AN E :r:cTMicSuocic. — Many persons imagine that the murderer "lush v\i3 hung with a common rope, but this idea has been scattered to the winds by some of our Liverpool'contemporaries, who pla 'arded the Walls oi tins town on the Saturday with the following startling announcement" Execution of It llsh, by iV.sstvio 'l'el::r/i'G]:/i •" V. e have o doubt it was a very sUociiing exhibition, whichever way it w s lone.—Liverpool 1 i-mes. Thk Xorioich Mercury gives an extract from a letter from Mr. Wright, secretarv of the Meteorological Society, lie foretels June 8th'to Juno ll'ih, 2 Uh to 27th, offer the most prominent stormy features. July i anticipate will be rife with short p.?rio is of heat and thunder; but the most striking features -I to :t :-i ;ii probable England may feel t ie earthquake's fearful shock." Tan ,f Gyii^iirKUs No«ruuz-nuiiecs."—A v,2 curious spe- cimen of a genus offish, little known, an 1 oi winch tew speci- mens hive been exhibited, was on Monday submitted to the i a-wectiou of a number of gentlemen coiv.iocted with the science ot natural hbtiry, an 1 to those who feel interested in the more ubstruse w.> i lers of n iture, id ihu Cesmorama, Regent-street. t\(¡t1¡i;]!i\t!¡;t¡;,(¡il¡¡:¡¡¡¡ u u'.iue. both from the manner in which It is preserved, and ■Y j;n the fact of it* recent cloture." It la about ten feet long, ;;u;i n i nearly three feet in the widest p.irt.of tiie girth. It has e. sort of crest upon the head resembling feathers, end two long narrow ri is, or rather antenna, beneath the lower jaw. To describe this rare fish technically would be rather a diiiieult task, an 1 such a description vyo dd hardly be understood by any but professed n itur d'i^ts. It will therefore oe sufficient to direct ths pu'diy attention to it, and to let persons judge for themselves of its nature. C'n :,() US STORY. —A ieder from lIche, in Switzerland, da FED April 2J, g:v;'S the following —1" An old female servant retired in!o the husoifal some lime back, and died there a week ago. As she was a Roman C<iiholtc, her request was that her mortai re- mains m; £ ht be laid in the cemetery of the chapel of Gimullat. According to custom, ell the Cashohcs of locality were invited to accompany tLe dec-eti-ed to her last resting-place. The weather on the day of the fu:n-ral was mod severe i six persons ouly were present, and v.o of them turned back when hail-way on the road. The other four, af er having deposited the body m the burial- ground, retired to tTie vestry, at the request of the curate, who read the deceased's will. No triSiag degree of surprise wa3 ex- hibited on learning that the old servant had l ft 400 loais, which ihi had deposited in the savings-bank, to ho divided amongst such ? r,O:13 as should follow her to her grave. The wiH, which was perfirei in form, thus secured to each lOG louis. The disappoint- ment of those who did not attend may easily be im,\gine! Brussels Herald, J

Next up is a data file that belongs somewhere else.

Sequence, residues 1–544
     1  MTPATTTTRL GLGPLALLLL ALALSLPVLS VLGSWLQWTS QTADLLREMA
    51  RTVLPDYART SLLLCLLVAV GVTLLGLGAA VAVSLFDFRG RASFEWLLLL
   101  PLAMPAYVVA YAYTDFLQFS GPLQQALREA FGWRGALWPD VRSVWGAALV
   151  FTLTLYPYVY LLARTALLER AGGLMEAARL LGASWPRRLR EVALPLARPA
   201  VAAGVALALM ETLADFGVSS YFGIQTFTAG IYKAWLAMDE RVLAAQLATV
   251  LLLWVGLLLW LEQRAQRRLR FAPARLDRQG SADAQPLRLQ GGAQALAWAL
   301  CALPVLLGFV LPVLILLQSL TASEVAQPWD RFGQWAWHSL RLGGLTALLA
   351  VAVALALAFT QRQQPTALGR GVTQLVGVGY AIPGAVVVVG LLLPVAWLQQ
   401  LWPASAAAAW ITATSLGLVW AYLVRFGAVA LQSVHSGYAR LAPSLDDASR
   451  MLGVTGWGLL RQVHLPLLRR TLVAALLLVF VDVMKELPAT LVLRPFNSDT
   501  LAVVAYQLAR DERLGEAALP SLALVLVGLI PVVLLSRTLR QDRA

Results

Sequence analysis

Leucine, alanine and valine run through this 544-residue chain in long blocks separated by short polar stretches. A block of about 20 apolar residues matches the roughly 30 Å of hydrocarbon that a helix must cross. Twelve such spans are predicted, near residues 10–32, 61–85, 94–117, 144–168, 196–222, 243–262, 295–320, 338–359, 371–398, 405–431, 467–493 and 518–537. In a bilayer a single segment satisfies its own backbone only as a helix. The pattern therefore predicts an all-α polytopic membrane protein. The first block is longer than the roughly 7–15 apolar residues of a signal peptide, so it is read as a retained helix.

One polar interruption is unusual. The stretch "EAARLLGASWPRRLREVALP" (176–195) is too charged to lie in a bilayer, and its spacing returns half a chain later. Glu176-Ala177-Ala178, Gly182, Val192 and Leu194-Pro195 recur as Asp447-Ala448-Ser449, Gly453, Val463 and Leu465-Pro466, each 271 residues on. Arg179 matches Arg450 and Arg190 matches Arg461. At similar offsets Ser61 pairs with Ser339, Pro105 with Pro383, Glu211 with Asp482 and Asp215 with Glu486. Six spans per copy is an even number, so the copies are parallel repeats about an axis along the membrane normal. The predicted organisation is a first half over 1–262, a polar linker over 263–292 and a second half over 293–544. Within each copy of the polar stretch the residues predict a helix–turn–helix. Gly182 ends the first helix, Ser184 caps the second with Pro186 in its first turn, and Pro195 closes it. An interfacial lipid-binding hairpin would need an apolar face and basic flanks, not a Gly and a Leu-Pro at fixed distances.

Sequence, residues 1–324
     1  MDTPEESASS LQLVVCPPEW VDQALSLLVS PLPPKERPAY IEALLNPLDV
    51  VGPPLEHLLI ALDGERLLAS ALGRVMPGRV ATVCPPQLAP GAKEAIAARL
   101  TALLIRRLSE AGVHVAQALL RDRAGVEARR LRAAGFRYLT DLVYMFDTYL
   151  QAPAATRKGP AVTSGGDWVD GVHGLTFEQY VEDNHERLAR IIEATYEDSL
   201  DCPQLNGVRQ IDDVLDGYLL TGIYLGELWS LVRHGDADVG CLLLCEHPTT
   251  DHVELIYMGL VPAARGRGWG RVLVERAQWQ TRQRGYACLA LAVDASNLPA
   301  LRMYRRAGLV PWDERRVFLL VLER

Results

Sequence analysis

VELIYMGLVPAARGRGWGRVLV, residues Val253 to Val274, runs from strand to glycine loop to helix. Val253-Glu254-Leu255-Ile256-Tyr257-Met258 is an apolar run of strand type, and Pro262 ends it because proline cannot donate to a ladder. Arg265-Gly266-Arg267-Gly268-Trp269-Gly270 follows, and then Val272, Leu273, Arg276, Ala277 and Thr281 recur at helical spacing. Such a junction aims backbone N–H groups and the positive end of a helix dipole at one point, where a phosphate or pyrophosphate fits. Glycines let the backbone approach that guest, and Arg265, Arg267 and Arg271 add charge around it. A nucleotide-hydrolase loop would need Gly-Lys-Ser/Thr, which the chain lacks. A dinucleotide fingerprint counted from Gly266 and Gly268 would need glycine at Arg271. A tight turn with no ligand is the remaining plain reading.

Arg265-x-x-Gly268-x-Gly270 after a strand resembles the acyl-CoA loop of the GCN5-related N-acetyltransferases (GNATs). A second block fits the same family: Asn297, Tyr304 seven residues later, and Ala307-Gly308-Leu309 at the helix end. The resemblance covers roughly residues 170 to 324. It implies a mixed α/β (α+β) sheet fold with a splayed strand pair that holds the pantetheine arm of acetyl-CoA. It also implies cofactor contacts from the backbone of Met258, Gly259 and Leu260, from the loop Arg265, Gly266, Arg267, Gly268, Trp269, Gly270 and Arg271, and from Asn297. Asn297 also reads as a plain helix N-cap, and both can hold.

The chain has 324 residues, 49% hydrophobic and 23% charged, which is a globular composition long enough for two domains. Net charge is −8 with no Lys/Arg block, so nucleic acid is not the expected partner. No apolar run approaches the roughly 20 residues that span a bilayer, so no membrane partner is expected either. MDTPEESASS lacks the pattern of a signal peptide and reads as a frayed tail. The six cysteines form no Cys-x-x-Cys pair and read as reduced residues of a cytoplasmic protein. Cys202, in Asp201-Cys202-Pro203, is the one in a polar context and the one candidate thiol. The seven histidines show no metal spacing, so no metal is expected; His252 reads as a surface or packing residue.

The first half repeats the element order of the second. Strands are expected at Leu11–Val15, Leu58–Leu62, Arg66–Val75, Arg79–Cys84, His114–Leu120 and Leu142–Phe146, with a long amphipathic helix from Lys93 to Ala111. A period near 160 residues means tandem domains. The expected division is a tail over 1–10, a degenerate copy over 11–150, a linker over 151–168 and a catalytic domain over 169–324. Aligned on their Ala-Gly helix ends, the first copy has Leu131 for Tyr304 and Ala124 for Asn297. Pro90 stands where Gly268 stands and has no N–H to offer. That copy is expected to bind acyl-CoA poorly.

REV. DAVID GRIFFITHS.